Thursday, October 3, 2013

Online Seminary versus Residential Seminary

Daryl Eldridge, President, Rockbridge Seminary

James Hill is looking for ministry training.  A former high school teacher, the church called James to be their youth minister.  Christi Davis has just completed college and feels called to missions. Which format, online or residential seminary, is best for them?  There are many factors that go into making this important decision. Let’s look at the pros and cons of each learning environment.

Pros of Online Seminary Education
  • Convenience.  You don’t have to move or travel; you can stay on your field of ministry.  You learn at your own pace and study at your convenience.  You can discuss the class topics with students from around the world.  It’s flexible.  You can work on your courses anytime and anywhere you have internet access.
  • Less Expensive.  Generally, online programs are less costly than regular brick and mortar programs.  In addition, you don’t have additional costs such as commuting, moving, parking fees, building fees, and so on.
  • Interactive Learning.  Online courses are designed to highly involve students in the learning process.  Courses are learner centered, meaning students have responsibility for contributing to the learning community.  Quality of dialog is higher, because students have time to reflect on their comments and the comments of colleagues.  Creative teaching methods used in online environments contribute to self-direction and critical thinking.  Communication techniques learned online help students transfer their learning to the digital world in which they minister.
Cons of Online Seminary Education
  • If you need the structure/discipline of meeting the same time every week, or if you need the physical presence of classmates, or if your primary learning modality is auditory, then online education may not be right for you.
  • Online learning requires you to be able to use computer technology.
Pros of Residential Seminary Education
  • Extracurricular activities.  Residential schools provide an array of learning opportunities such as chapel, guest lecture series, musical performances, sports and recreation.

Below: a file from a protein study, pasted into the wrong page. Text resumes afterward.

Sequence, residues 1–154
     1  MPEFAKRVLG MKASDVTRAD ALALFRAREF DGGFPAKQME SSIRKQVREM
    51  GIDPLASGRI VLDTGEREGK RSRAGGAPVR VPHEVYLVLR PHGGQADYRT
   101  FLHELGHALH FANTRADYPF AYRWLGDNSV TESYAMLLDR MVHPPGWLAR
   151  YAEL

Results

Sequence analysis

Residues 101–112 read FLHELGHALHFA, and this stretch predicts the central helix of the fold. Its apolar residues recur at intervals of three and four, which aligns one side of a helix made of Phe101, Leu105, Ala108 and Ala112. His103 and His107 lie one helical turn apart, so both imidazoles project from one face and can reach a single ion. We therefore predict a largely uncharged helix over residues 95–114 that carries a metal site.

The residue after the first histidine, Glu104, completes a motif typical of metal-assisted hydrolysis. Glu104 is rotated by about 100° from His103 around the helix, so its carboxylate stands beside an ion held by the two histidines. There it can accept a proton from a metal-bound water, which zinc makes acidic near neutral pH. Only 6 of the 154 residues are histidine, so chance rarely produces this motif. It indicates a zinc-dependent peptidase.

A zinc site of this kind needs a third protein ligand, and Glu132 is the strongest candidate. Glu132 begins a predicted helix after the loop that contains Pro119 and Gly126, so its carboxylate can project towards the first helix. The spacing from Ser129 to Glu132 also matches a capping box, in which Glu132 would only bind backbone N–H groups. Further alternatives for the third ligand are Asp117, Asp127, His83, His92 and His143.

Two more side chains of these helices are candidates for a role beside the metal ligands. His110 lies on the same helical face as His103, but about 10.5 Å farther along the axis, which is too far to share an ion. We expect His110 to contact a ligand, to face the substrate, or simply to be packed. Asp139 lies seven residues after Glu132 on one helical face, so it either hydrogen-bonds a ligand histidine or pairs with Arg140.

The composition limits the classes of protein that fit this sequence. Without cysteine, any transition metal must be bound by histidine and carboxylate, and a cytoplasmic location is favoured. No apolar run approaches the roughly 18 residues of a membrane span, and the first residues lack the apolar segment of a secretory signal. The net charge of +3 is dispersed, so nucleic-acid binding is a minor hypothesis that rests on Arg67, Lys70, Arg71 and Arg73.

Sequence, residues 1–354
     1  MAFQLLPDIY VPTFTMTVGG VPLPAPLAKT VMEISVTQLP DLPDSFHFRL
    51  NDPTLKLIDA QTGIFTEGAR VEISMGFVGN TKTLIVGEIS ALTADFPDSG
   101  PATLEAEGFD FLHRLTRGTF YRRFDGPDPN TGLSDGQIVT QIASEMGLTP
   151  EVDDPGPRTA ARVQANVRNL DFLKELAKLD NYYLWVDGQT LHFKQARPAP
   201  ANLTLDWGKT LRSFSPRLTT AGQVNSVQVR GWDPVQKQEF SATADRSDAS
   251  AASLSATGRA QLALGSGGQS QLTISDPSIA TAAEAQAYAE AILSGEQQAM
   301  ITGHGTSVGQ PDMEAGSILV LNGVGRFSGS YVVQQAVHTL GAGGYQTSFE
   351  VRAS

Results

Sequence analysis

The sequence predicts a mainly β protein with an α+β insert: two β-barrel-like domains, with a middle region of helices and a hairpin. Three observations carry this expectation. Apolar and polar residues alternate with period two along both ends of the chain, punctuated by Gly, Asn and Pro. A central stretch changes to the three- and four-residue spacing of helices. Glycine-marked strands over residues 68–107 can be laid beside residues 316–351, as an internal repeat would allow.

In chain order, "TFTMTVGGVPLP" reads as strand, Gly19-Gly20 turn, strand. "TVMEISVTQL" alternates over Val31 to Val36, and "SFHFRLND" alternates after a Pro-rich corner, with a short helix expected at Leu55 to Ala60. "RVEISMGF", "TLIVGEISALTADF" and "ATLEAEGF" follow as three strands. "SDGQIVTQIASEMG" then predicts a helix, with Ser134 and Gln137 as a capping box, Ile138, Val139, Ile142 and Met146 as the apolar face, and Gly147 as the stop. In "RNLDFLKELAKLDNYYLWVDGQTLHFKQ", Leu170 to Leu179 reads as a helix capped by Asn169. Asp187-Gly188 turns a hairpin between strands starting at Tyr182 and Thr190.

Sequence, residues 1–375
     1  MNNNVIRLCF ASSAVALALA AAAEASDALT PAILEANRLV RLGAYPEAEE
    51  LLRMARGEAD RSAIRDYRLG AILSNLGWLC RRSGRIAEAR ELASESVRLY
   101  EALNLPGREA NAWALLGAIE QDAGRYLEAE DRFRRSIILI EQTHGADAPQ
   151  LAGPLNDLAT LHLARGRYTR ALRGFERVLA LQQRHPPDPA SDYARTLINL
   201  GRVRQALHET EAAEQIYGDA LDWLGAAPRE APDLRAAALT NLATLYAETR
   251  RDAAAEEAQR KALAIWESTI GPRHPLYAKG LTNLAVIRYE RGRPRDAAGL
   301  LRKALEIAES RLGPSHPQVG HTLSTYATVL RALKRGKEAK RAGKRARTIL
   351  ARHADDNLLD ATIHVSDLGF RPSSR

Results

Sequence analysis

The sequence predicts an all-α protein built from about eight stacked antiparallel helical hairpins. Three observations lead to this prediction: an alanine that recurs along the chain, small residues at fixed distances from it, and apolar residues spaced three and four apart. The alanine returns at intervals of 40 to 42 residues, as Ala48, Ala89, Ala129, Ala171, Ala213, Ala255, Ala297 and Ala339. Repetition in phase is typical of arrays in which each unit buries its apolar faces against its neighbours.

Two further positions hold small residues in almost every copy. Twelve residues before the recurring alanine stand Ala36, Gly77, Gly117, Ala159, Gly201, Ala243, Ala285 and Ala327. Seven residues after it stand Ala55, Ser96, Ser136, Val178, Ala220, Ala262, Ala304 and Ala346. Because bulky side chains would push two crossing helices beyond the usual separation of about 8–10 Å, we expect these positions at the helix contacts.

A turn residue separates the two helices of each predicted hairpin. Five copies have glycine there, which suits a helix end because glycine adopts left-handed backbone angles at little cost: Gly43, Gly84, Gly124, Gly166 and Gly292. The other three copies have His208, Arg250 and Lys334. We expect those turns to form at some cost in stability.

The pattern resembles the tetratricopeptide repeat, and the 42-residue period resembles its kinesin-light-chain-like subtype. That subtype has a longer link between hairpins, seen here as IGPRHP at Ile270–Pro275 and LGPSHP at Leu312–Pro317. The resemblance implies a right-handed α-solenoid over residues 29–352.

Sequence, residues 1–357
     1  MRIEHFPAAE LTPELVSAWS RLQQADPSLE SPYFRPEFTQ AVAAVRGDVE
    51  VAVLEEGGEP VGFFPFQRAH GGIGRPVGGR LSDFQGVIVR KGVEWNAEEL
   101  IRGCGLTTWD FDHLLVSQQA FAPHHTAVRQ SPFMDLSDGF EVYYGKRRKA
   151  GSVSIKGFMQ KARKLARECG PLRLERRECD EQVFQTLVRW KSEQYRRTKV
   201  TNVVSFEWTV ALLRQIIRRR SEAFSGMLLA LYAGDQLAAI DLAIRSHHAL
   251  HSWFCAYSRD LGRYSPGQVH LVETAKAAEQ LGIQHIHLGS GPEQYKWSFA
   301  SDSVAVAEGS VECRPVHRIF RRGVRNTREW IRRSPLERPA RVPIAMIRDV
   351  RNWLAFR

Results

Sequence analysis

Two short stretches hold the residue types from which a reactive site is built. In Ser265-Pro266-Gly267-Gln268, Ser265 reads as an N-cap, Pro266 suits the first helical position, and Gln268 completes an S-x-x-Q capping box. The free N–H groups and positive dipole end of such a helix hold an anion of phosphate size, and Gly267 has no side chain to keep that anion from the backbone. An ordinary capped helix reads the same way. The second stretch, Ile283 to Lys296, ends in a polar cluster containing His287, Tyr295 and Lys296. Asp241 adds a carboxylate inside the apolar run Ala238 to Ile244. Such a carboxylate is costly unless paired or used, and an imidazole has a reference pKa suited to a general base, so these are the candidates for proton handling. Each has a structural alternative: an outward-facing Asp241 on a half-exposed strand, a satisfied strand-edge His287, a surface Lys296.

• Library access.  Most residential schools have large libraries.  Though online programs have digital libraries, they are not yet as robust as residential libraries.  Theological libraries can send printed materials to students, but this requires time and expense.
  • Social Interactions Outside of Class.  Residential education provides opportunities to develop face-to-face relationships and have coffee or meals with fellow students and faculty.  This doesn’t mean online education is not relational.  Deep lifelong friendships can develop online.
Cons of Residential Seminary Education
  • Residential seminary education takes the student from their field of ministry and provides limited opportunities for real-life experience in churches and ministry organizations.
  • Students in residential programs compete for ministry positions in the area.
  • You can’t learn ministry by reading or studying about it.  Ministry training is best when students have opportunities to apply weekly what they are learning in the classroom.
There are advantages and disadvantages to every type of learning environment. Your learning style and the needs of your family need to be considered in choosing a seminary. James decided to get his degree online because he didn’t have to uproot his family or leave the community he felt called to serve.  Christi, on the other hand, decided a campus experience was best for her.  She prefers lectures and the social experience a face-to-face classroom can provide. 

You can receive a great seminary education by either learning environment.  It is not a question of which learning environment is best, but which is the best fit for you.